Insertion of a critical data field in a particular document is shown in FIG. 17. A user would open the edit screen as shown in FIG. 15, and, using the critical data pull-down menu, select a critical data field, then place cursor on the screen where the item is to appear and click insert. Users can format their documents and forms using the critical data fields so that each type of document is as standardized as possible, and repetitious data-entry is minimized.
 The text editor and critical data fields can be used extensively to format bond issues and supporting forms. Once the documents have been customized for a specific type of financing (general obligation bond, revenue bond, refunding, short-term note) this work can be used on future projects thus improving workflow when working on new deals.
 While FIGS. 13-18 relate to the transcript tool wherein new offerings are developed, the same tools are used for the disclosure aspect of the invention.
FIG. 19 shows an exemplary screen for Disclosure, wherein the navigation panel identifies: (1) a continuing disclosure heading which outlines specific filing requirements and timeline for a bond issue in the secondary market; (2) a secondary market reporting form which includes information templates recommended by the National Federation of Municipal Analysts (NFMA) to disclose relevant annual information in addition to an annual financial report; (3) a material events notice information template to be completed and filed in the event of a material event (bond call, rating change, default, etc.). As with new offerings, by selecting the edit screen and then the CDINET box in this screen, users can select what information is sent to the MSRB for each year.
 An attach document feature, as part of the Document Manager, is shown in FIG. 20 in connection with the Disclosure aspect of the invention, wherein users can upload files that are associated with a particular new issue or disclosure filing, such as an annual report, budget, environmental impact statement, recent official statement or transcript document. After opening the Attached Documents folder, users can attach a new file to an issue or disclosure filing by selecting New Attachment and then uploading the file from the hard drive or other source. Users can also remove files by selecting Remove File. Of course, this feature can also be used when developing new offerings as well.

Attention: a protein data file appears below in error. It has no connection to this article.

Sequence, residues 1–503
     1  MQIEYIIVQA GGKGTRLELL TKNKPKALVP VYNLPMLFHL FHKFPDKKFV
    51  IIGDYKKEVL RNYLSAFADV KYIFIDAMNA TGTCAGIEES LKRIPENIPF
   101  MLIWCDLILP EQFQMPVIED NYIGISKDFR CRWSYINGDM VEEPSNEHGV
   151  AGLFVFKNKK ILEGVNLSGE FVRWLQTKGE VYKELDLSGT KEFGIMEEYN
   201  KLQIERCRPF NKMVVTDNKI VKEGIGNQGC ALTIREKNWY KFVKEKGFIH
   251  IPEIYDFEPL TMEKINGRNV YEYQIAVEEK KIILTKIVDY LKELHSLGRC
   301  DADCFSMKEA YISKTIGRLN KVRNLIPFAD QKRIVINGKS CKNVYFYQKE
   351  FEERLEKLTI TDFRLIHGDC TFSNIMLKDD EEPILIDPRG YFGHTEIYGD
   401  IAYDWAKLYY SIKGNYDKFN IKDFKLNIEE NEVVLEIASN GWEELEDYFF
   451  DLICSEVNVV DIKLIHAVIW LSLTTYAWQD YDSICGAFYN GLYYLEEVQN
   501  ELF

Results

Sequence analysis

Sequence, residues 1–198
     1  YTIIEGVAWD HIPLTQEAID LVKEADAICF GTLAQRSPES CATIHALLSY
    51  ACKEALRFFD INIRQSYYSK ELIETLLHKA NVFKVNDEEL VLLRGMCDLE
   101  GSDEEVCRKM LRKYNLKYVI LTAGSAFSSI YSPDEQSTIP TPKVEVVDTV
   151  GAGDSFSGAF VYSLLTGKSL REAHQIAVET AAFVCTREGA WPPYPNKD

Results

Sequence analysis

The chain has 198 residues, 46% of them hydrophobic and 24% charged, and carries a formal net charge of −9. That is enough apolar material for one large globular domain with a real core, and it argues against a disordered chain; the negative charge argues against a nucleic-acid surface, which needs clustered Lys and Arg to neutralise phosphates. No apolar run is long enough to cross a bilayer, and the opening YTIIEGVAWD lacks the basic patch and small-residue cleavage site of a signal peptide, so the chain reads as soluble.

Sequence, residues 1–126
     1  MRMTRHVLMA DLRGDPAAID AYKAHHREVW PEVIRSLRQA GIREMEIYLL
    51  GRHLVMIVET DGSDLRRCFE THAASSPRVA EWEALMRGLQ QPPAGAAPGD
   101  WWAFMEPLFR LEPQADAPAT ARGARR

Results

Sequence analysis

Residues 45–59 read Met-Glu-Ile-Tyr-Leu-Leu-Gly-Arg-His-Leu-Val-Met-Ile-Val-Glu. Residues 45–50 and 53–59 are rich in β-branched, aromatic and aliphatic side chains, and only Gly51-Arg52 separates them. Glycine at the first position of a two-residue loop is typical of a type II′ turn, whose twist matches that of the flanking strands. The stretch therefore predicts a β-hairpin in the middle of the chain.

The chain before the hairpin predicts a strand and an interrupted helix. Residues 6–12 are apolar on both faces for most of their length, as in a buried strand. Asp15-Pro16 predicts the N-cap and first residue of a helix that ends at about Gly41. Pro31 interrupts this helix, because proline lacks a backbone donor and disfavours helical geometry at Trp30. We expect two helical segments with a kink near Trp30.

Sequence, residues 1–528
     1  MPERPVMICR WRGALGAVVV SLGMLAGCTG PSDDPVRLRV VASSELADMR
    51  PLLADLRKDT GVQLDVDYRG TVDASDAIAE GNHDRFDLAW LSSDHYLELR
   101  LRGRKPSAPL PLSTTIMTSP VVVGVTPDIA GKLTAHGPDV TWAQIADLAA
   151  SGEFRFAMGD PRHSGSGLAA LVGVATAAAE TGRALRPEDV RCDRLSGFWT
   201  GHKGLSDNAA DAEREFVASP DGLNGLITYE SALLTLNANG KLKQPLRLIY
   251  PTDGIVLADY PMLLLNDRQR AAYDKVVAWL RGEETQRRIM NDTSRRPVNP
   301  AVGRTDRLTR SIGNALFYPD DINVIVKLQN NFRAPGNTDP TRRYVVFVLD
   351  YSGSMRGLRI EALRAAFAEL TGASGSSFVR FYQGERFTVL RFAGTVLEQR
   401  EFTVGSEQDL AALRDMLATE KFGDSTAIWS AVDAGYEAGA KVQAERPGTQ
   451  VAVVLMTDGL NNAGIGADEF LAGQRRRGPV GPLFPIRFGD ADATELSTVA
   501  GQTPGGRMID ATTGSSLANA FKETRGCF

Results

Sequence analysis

Besides the ability to create, edit and disseminate information/forms for new offerings and existing offerings, the invention also includes a new issue calendar, an underwriting checklist, and task management capabilities.
 A new issue calendar as shown in FIG. 21 outlines the critical tasks required for each deal and provides a timeline in the form of a calendar segment for the tasks to be carried out in accordance with internal office and MSRB regulated deadlines. The critical tasks can be changed, and these changes will be newly displayed in the Issue Calendar and in the Checklist where appropriate, see below. Various members of the finance team, including corporate trust agents, could login to the system to track the status of closing dates for various deals, documentation and tasks and activities related to new deals. Each timeline box can include information as to whether a particular task is met.
 To change the timeline for a deal, or the title of the deal, a user would select the Issue Title link at the top of the main folder list in the Navigation Panel, i.e., Gotham demo in FIG. 14. A screen would pop up as an edit mode, and the user could change the title of the deal and any of the Key Dates, then save the changes. The saved changes would then appear on the issue calendar.
 The Issue Calendar will reflect the changes just made to the bond schedule, notifying everyone working on the new deal that the timeline has been adjusted.
 By selecting the Issue Calendar link, i.e., from the Navigation Panel, see FIG. 14, the user will see the calendar listing deal activities and Key Dates, seven important dates associated with registering a new bond issue as shown in FIG. 21. These dates determine the timeline for any new deal. Specific activities must be completed in accordance with the Key Dates for the new issue to be completed in a timely manner.